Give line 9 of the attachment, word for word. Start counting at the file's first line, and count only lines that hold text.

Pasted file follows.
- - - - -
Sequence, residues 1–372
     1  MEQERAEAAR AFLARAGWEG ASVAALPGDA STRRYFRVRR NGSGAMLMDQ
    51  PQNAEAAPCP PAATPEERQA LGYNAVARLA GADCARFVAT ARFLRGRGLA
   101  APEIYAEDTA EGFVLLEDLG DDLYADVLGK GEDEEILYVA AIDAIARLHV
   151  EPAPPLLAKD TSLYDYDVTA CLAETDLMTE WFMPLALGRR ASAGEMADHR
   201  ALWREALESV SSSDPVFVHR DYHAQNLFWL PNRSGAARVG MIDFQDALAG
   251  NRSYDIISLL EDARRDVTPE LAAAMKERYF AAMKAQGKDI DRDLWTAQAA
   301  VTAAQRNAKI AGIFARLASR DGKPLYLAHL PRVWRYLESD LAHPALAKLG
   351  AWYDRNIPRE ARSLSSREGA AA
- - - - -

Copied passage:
   351  AWYDRNIPRE ARSLSSREGA AA